Northwest Coast, United States (not certain) / Canada (not certain), North America
FROM CARD: "WOOD INLAID WITH IVORY. REFER: MCGUIRE: USNM.REPORT, 1897, FIG. 187, P. 585."
Written on this pipe in old handwriting: "Pipe - N. W. Coast Ex. Ex. b.17 - R. R. Waldron." This may mean that Richard Russell Waldron, purser, USS Vincennes, was the collector of this pipe. Provenience note, in 1841 Oregon Territory encompassed the land from Russian Alaska to Spanish California and from the Pacific to the Continental Divide. The U.S. Exploring Expedition did not go to Canada, but did reach Oregon Territory in 1841, and carried out a hydrographic survey of the Columbia River from its mouth to the Cascades, as well as doing some surveying inland.They had dealings with Hudson's Bay Company staff during that time, and it is probable that the HBC is the source of a number of the Northwest Coast artifacts collected by the expedition.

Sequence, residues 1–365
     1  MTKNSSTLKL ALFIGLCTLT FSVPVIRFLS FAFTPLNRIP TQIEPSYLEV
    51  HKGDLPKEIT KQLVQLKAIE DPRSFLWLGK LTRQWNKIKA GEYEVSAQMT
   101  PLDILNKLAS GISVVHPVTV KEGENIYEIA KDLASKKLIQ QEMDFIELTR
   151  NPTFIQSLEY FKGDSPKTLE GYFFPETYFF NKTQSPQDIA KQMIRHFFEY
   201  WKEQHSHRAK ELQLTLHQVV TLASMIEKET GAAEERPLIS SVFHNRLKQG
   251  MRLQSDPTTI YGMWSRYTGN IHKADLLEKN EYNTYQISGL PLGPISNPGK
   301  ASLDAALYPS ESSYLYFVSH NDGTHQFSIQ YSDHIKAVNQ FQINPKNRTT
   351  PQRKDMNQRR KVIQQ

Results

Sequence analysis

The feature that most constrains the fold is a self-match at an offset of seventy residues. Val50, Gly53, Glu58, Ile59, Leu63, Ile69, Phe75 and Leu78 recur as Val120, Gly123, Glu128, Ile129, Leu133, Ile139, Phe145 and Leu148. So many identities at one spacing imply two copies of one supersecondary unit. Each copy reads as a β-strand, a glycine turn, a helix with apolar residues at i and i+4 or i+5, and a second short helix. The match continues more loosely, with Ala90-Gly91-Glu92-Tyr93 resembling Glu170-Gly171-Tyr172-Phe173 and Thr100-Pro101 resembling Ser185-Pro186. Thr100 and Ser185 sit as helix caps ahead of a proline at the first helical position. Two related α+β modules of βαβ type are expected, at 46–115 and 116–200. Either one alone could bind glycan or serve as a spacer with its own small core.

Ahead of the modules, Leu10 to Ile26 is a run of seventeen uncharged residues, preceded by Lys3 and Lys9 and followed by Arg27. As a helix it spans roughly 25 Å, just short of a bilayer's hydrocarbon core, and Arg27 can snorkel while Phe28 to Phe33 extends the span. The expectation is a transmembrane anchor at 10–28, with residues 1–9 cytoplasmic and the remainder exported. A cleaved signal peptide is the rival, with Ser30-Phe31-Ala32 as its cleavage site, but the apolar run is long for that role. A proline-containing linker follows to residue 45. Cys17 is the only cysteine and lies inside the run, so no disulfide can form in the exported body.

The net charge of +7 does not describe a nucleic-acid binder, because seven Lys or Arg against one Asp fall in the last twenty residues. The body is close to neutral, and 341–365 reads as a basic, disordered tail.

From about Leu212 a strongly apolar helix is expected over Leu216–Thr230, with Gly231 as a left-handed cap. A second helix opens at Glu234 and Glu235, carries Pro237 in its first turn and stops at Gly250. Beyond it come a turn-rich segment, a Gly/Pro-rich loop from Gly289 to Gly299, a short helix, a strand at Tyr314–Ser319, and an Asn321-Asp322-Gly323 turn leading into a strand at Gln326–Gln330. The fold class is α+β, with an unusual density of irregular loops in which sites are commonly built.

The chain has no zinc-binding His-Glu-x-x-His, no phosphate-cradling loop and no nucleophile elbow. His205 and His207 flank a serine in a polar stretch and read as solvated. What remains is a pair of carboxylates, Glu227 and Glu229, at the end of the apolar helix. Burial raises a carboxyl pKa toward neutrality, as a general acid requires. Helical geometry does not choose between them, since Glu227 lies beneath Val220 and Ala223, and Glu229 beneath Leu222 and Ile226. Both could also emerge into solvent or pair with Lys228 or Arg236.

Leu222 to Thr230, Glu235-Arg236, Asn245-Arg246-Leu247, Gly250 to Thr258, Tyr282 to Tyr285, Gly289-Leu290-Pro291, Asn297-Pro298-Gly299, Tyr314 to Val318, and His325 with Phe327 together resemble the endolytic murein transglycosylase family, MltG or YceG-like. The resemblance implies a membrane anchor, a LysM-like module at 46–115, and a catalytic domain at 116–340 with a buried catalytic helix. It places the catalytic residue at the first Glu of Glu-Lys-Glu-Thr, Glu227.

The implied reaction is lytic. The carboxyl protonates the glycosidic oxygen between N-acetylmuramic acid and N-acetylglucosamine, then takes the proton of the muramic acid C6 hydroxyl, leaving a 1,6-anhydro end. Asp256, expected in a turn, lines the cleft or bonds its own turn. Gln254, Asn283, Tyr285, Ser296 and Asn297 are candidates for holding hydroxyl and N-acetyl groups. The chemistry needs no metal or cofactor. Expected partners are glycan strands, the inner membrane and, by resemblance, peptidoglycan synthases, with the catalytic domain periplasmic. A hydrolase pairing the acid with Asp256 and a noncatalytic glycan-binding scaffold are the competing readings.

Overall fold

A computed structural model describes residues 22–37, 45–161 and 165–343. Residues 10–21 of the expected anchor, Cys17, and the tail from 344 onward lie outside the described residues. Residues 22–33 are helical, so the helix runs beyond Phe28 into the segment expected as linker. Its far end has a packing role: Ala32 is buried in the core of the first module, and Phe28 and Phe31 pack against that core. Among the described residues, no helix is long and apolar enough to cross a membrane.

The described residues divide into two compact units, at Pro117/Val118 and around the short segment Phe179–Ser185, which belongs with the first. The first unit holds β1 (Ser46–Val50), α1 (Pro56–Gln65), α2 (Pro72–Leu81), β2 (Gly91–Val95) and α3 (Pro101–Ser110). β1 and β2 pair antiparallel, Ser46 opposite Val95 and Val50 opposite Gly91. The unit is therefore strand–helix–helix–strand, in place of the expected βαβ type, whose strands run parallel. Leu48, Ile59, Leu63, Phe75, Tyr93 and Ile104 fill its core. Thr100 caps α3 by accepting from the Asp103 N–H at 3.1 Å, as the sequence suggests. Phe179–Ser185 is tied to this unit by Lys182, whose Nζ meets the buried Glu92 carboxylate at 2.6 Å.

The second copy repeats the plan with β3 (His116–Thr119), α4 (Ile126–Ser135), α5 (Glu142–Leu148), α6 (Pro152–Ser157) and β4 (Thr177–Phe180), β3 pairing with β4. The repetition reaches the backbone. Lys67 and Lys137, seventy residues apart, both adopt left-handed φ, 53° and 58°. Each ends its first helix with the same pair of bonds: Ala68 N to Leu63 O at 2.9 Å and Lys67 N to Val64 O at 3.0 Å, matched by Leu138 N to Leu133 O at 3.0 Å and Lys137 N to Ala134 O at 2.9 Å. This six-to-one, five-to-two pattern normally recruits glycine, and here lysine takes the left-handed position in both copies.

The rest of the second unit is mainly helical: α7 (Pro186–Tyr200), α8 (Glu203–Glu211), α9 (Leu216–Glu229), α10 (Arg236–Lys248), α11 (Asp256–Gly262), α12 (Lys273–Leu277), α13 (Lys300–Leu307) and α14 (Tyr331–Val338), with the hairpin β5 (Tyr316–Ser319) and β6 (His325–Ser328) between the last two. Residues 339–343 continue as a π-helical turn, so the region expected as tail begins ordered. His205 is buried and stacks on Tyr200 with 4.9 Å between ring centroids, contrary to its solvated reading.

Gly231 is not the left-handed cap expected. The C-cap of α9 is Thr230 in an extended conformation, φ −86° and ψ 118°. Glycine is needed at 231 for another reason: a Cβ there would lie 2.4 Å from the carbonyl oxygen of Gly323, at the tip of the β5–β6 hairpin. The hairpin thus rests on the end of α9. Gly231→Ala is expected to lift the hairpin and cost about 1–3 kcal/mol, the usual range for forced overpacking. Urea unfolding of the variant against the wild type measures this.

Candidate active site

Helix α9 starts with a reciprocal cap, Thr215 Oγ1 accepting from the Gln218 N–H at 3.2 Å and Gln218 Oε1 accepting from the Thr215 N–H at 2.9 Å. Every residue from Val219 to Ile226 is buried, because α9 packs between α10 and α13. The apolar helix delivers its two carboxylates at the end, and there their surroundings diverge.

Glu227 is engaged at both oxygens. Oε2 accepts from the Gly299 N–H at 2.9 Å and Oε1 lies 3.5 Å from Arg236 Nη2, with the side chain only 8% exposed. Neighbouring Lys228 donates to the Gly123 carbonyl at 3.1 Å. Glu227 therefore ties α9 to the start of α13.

7-20-2005 Jay Stewart and Peter Macnair note about this panel pipe or ship pipe that "This is another rare example of the wooden panel pipe. It has a wooden base and (the design) incorporates houses, fortifications and a picket fence carved from whalebone."
Illus. Fig. 14, p. 46 in Wright, Robin K., 1979, "Haida Argillite Ship Pipes," American Indian Art Magazine, 5(1). Identified there as as a wooden ship pipe: "Pipe of wood, paint, glass, whalebone. Has picket fence, house-like cabins, floral and palm tree motifs and blockhouse."
Object on display in National Museum of Natural History exhibit "Objects of Wonder", 2017.